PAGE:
Moving Home, Moving On

This Mainer is back in Maine. While we have only been here about five months, but I feel like I have aged twenty years. Moving is terrible. Moving is particularly terrible if you have no luck. I have no luck and by no luck I mean the only thing I have ever won in my life is a toilet seat.

So of course the weekend before we flew out I sprained my ankle. We were all walking in the dunes and I stepped in a hole and collapsed over on my ankle like a big oaf. While I was laying on the grass half-laughing, half crying my son whipped me with his jacket and then jumped on me since we all know it’s hilarious when your parents hurt themselves. My ankle seemed fine that day but over the next few days it swelled up and throbbed as I hobbled around packing boxes and bags.

The good byes were bittersweet and tiring so by the time the flight arrived the children and I were both worn out and my eyes kept spontaneously leaking tears. This condition lasted for most of the summer, as well as my stupid swollen ankle.

I arrived in Ireland to stay when I was 24. I was young, fit, hopeful and energetic and traveling light. I left Ireland ten years older, twenty pounds fatter and with a lot of carry-on baggage – carry on baggage that insisted on using the airplane toilet at least 7 times between them so that I spent most of the flight hopping up and down the length of the plane in a hideous support stocking over a fat bandaged ankle in a bare foot.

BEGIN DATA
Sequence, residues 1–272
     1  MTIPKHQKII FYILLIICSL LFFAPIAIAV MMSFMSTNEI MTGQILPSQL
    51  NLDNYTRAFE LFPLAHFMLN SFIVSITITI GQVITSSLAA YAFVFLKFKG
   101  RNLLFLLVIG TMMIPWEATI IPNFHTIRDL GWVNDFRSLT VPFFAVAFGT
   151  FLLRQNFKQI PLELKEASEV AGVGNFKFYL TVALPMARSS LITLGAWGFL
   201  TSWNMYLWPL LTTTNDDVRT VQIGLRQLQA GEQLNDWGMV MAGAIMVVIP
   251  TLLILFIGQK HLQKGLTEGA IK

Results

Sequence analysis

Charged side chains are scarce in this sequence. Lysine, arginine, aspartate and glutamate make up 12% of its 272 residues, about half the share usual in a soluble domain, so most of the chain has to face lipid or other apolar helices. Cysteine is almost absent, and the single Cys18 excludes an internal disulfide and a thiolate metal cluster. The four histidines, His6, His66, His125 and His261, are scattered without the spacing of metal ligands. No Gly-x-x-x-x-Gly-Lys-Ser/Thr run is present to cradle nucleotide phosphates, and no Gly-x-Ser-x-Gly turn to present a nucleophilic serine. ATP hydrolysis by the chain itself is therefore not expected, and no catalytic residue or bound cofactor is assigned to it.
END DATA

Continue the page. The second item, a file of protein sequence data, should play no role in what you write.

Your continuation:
My husband upgraded his seat to first class and flew by himself with a three bag allowance while I threw out my favorite (only) black heels because I couldn’t fit them between the deflated O’Neills football and baby doll in my one bag. No comment.

The first month was a blur of activity catching up with family and friends and doing fun jobs, like applying for a Maine learner’s permit, getting cars, looking for houses to rent, getting a cell phone, setting up bank accounts and bank cards, interviewing for jobs, registering for school, finding a doctor without healthcare and all the other parts of moving that are magnified when you are changing countries, have no credit rating and are no longer twenty-four and single.

Shipping our personal effects was a bad idea. We only shipped twenty boxes of clothes, toys, books (my fault), shoes, photographs and left all our furniture and household goods. This cost three times as much as budgeted, took three weeks longer than expected and required hours of organization and paperwork and when our boxes arrived, we still didn’t have a pot to piss in.

As slowly as my stupid ankle healed, we got things done and we all got less homesick for everything and everyone we’d left behind in Ireland. It’s a strange feeling be back in the town I grew up in but haven’t lived in since high school. While its familiar and nostalgic, it still feels more like my past then my present home.  So here I am back in Maine, starting over at thirty-four.